Ten Years of Starcom

Looking at my task tracker recently I realized it’s been ten years since I started work on what would eventually become Starcom: Nexus, the precursor of Starcom: Unknown Space. Actually ten years ago to the day, I followed Unity’s “space game tutorial” to figure out how to get a 2D spaceship moving on screen.

I’ve already written a very long postmortem on the process of creating that game, but I thought this would be a good occasion to look at the question “where does the time go?” Like specifically, having spent well over ten thousand hours developing these games, what am I doing all day?

Using data exported from the task tracker, I went through and randomly sampled blocks of time and categorized them to see what kinds of things I was spending time on, and how much.

I organized the data in two ways: features that players would recognize, and hats that I wear. By “hats” I mean what role/skillset would do this task in a mid-sized game company with dozens of employees. I’m guessing a bit on this one– while I have worked on game projects with small to medium sized companies, it has always been in a fairly narrow role.


Gameplay11.7%General gameplay mechanics: ship steering, interactions, etc
Combat6.4%Weapon design, balancing, damage handling, VFX
Community6.1%Interacting with players, support, weekly updates like this one, etc
Gameworld5.5%Game world specific mechanics: region placement, sector handoff
Shipbuilding5.5%Shipbuilding logic
Missions5.4%Mission design and creation
Playtesting5.1%Playing the game myself to see what’s broken, what feels wrong, etc
Anomaly4.8%Creating anomalies
UI4.2%UI design and programming
AI3.9%AI design and programming
Marketing3.8%Game promotion, trailer creation, youtuber outreach, etc
Factions3.7%NPC design
Music & Audio2.7%Music and Sound FX
Planning & Production2.6%Deciding what to prioritize, misc stuff not covered elsewhere
Bug fixes2.5%Investigating and fixing bugs outside of the normal dev loop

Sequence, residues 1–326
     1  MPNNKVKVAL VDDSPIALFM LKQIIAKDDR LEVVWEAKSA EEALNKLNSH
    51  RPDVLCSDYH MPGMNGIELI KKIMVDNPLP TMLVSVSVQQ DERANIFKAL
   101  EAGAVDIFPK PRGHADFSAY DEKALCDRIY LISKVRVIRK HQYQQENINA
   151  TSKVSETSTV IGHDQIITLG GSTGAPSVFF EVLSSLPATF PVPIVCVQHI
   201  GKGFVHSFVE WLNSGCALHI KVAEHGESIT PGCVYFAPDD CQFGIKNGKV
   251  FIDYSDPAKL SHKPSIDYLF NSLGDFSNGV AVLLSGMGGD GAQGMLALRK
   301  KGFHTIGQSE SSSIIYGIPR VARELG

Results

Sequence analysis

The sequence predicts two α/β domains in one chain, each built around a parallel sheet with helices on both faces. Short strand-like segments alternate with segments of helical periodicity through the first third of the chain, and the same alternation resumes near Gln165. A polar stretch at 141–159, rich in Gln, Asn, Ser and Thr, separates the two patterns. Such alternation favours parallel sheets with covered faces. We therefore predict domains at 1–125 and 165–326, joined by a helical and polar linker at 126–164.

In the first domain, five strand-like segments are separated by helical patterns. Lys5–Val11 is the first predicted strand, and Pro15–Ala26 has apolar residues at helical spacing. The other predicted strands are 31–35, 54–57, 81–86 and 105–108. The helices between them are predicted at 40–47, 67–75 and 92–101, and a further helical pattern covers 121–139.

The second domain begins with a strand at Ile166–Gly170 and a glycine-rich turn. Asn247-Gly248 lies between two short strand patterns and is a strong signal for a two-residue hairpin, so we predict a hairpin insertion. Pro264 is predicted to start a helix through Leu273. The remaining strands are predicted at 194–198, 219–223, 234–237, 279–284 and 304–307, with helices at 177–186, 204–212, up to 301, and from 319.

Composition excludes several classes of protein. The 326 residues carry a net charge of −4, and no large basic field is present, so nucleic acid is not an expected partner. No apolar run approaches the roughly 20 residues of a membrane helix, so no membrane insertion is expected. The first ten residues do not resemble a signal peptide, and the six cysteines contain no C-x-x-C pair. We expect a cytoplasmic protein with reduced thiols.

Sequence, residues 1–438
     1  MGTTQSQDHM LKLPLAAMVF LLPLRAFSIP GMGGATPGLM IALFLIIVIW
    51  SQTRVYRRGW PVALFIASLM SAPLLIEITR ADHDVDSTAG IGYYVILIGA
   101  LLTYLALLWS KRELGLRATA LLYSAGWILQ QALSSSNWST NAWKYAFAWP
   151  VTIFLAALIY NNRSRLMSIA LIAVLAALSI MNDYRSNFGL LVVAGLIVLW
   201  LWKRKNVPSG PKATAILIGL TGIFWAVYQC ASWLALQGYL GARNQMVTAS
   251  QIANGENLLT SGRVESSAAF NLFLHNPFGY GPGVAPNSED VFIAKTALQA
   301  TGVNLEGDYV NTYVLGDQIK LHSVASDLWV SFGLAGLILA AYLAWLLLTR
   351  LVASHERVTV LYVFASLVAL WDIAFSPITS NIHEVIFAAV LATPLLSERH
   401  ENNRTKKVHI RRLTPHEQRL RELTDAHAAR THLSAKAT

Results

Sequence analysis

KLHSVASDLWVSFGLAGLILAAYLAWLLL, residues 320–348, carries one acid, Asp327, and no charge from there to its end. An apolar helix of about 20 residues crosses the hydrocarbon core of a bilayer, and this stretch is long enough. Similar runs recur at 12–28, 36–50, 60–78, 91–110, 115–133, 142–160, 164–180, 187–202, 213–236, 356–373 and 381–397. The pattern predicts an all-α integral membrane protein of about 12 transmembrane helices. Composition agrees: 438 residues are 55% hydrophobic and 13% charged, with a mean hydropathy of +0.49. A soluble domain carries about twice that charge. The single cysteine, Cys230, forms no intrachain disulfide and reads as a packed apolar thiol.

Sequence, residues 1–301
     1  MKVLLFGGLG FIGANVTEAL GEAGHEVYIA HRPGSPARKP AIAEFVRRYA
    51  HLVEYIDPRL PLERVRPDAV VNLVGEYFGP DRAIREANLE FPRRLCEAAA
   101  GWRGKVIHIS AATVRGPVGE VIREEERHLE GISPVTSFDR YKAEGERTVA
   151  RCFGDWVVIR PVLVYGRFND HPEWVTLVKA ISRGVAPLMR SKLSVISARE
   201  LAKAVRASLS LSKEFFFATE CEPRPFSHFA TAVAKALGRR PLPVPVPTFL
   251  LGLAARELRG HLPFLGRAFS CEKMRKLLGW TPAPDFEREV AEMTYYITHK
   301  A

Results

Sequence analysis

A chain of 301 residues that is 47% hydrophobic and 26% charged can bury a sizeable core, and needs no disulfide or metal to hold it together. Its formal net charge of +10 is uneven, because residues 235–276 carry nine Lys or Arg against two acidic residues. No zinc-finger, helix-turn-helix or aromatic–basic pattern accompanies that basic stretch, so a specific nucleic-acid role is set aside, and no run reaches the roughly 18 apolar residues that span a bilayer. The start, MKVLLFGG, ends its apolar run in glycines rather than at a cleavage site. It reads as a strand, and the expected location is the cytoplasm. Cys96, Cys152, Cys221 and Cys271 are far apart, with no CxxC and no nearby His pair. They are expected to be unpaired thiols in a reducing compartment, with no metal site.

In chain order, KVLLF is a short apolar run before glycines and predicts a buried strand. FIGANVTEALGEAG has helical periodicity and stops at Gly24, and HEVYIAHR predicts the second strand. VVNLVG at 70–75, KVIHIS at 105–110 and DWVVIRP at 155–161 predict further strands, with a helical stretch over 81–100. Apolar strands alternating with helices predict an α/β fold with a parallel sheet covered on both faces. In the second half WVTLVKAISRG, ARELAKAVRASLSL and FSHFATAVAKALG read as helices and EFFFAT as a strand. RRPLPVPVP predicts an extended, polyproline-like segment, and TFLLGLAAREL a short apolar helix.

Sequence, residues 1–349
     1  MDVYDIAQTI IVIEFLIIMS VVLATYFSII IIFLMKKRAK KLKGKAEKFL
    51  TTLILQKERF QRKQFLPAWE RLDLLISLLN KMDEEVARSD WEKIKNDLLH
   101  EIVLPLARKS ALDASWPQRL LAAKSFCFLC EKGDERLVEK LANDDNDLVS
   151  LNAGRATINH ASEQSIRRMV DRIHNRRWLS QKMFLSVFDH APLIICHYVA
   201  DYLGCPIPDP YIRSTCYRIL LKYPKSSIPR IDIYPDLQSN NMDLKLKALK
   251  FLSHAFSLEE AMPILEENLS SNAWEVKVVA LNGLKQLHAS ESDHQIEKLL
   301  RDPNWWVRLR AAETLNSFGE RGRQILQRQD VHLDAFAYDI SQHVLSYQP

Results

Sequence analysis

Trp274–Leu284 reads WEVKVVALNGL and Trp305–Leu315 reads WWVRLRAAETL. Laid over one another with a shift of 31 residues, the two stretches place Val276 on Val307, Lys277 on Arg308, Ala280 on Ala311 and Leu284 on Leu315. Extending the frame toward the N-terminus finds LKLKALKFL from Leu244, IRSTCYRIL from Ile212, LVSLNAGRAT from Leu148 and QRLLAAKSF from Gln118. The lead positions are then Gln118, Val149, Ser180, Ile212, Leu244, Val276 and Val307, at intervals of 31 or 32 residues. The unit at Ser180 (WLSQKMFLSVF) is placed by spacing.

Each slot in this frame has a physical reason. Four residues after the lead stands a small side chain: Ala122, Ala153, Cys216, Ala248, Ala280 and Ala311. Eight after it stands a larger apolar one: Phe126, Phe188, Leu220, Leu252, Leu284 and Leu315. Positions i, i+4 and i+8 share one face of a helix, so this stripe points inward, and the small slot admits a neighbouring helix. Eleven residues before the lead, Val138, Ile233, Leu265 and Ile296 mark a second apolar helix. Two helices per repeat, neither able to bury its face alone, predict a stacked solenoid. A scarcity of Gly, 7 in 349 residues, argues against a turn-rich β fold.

Interaction Systems2.4%Anomalies, conversations and general station interactions
Trade & Inventory2.3%Trade system, drops, resources and item system
Map & Edgedar2.2%Map system and Edgedar (the icons around the side of the screen in the main view)
Localization2.1%String symbol tables and translation
Creator2.1%Content authoring tool
Save & Load1.8%Save system
Crew1.7%Crew management, skill check system
Technologies1.7%Tech research tree and effects
Planets1.6%Planet visuals
Main Menu1.5%Parts of the game when you’re not in the game
Proc Gen1.2%Procedural sector and planet generation
VFX1.2%General visual effects like nebulae, non-combat particle effects, etc
Steam1.0%Build deployment, store page creation, etc
Business0.9%Taxes, paying contractors– the fun stuff that everyone gets into game dev for
Story0.8%Narrative planning
Regions0.7%Manual (non-procedural) region layout
Optimization0.4%Performance profiling, optimization
Analytics0.2%Player analytics review


Programmer32.9%Any coding/programming
Game Designer16.8%Designing missions, balancing enemies, gameplay tweaking
UI Designer8.4%Creation of all the UI systems, icons, layouts, excluding the programming
VFX Designer7.3%Particle systems, shaders
QA7.1%Playtesting, reviewing player F8 feedback
Producer6.5%Planning, interaction with contractors
Community Manager5.8%Responding to player emails & discussion forum posts
2D Artist3.6%Anomaly images, item images
Marketer/Video Editor3.1%Trailer creation, influencer outreach
Writer2.7%Writing anomalies, dialogue
3D Modeler2.0%Creating ship modules, other models, coordinating concept artist and modeler efforts
Sound Designer/Music Director1.5%Creating game sounds, directions for composer
Analytics1.1%Choosing metrics, analyzing anonymous player analytics
Business1.0%Misc business stuff: taxes, paying contractors, renewing LLC, etc.

This is just the time I spent. There have been several talented contractors who have composed the game’s music, created the alien portraits, created 3D models for the modules, etc. It’s also not super precise, because a) there are a lot of tasks that don’t get tracked and b) this was a random sample. But I think it’s ballpark correct.

In other news, I’m continuing to press on with work on Kepler. There’s still a chunk of content I want to add, but in the next week or two I’ll start thinking about timing for making available for opt-in.

Until next week!
– Kevin